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How can I match letters a,b,c once in any combination and varying length like this:

The expression should match these cases:


but should not match these ones:

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So at most only one of each letter can appear? – parker.sikand Nov 24 '12 at 22:19
yes, the letter can only appear once. – John_Sheares Nov 24 '12 at 22:24
This is duplicate of this question:… – Aimon Bustardo Nov 24 '12 at 22:28
up vote 10 down vote accepted

Use regex pattern


You can use this pattern with any set and size, just replace [abc] with desired set...


enter image description here

(above output is from myregextester)

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+1: This is really clever! – phant0m Nov 24 '12 at 23:42
This one works like a charm! – John_Sheares Nov 25 '12 at 2:55
For continuous string "abcbac", this method could not match both "abc" and "bac". Anyway, this is still very cool. The first part (?!(?:.\B)*(.)(?:\B.)*\1) tries to find a starting position such that from the starting position to \newline, there is no duplication. Then from the starting position, it tries to match [abc]+ – Xing Wang Mar 15 at 21:23

This works with lookaheads.

It includes this pattern in three variations: (?=([^a]*a?[^a]*)$)

It says: There needs to be at most one a from here (the beginning) until the end.

Combining lookaheads and backreferences:

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Best answer IMO. – Joe Dyndale Nov 24 '12 at 22:56

Just to round out the collection:


Want to handle a larger set of characters? No problem:


EDIT: Apparently I misread the question; you're not validating individual strings like "abc" and "ba", you're trying to find whole-word matches in a larger string. Here's how I would do that:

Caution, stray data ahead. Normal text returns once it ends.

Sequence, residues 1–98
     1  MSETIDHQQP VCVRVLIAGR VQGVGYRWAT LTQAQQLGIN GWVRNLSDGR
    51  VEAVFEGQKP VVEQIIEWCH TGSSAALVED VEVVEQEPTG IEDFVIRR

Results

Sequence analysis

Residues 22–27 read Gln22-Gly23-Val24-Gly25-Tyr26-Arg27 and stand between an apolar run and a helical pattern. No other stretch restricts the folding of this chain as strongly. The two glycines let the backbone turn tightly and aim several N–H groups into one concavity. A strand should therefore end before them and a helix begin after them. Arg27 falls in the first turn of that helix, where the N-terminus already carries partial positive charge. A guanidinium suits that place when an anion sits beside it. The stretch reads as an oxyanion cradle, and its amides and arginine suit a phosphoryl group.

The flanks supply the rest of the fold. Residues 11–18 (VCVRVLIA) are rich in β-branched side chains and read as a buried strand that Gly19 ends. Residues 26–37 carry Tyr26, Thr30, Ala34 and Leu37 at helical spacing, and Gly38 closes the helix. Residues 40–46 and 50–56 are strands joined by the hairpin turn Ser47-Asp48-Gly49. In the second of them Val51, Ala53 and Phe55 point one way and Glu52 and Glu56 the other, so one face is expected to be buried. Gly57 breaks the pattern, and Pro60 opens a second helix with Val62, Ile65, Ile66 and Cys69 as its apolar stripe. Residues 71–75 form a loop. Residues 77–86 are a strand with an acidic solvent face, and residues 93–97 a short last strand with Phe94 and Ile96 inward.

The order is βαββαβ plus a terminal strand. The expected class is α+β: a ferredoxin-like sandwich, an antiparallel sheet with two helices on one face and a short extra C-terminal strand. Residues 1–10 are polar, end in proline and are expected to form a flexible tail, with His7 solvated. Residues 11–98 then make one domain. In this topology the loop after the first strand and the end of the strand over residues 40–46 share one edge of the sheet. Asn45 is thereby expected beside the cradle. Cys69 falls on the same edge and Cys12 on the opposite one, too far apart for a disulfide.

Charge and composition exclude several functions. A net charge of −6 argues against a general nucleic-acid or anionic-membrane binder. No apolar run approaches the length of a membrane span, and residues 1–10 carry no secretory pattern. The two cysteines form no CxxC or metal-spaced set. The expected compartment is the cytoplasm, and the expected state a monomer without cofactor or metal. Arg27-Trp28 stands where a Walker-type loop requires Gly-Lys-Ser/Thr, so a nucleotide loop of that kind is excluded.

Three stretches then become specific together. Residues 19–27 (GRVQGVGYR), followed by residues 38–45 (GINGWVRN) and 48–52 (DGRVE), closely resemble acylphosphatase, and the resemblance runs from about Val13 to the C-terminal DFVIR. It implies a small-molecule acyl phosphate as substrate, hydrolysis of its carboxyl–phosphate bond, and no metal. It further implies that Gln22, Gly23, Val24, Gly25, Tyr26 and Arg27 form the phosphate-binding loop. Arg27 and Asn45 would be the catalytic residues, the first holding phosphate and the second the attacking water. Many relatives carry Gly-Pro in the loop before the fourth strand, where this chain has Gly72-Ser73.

The tricky part is making sure the lookahead doesn't look beyond the end of the word that's currently being matched. For example, if I had left the lookahead as (?!.*\1), it would fail to match the abc in abc za because the lookahead would incorrectly flag the a in za as a duplicate of the a in abc. Allowing the lookahead to look only at valid characters ([abc]*) keeps it on a sufficiently short leash. And if there are invalid characters in the current word, it's not the lookahead's job to spot them anyway.

(Thanks to Honest Abe for bringing this back to my attention.)

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This would be my choice to upvote, but the example doesn't seem to work as is. Does the example work with a certain language? I got it to work by changing it to \b(?:([abc])(?!\1))+\b – Honest Abe Feb 8 '13 at 7:22
I was assuming the regex would be applied to each string in isolation ("abc", "cb", "abz", etc.), but it looks like the OP wants to pluck whole-word matches from a larger string. So you're right, I should have used \b instead of the anchors, but you can't just remove the .* from the lookahead. That correctly filters out aab but not aba. See my edit for the corrected regex. – Alan Moore Feb 8 '13 at 21:13

I linked it in comment (this is sort of a dupe of How can I find repeated characters with a regex in Java?).. but to be more specific.. the regex:


Will match any two or more of the same character. Negate that and you have your regex.

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He only wants a, b, and c - so replacing \w with [abc] seems like the obvious choice - but the negation of that would still match "abz" and "x" - so it's not a final solution. – Joe Dyndale Nov 24 '12 at 22:41

Try this regex:


Check in regexpal

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+1 for De Morgan's – phant0m Nov 24 '12 at 23:11
@downvoter, Care to comment? – Kirill Polishchuk Nov 24 '12 at 23:43

The anchored look-aheads limit the number of occurrences of each letter to one.

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This also matches the "ab" in "abz", and "aab" and "cc". So this is not correct. (I just tested in the Patterns regex app for Mac) – Joe Dyndale Nov 24 '12 at 22:27
With the latest edit it seems to work :O) – Joe Dyndale Nov 24 '12 at 22:34
In the Patterns app this only works when I select both the single-line AND multi-line options - which I'm not sure makes much sense and may be a bug in Patterns. – Joe Dyndale Nov 24 '12 at 22:54
In English, this RegEx says: Be empty OR end in a, b and c at the same time, which is of course impossible. – phant0m Nov 24 '12 at 23:00
@phant0m Actually it doesn't say that at all. The look aheads each say "there must be either 1 or 0 "a" somewhere in the whole input. – Bohemian Nov 24 '12 at 23:54

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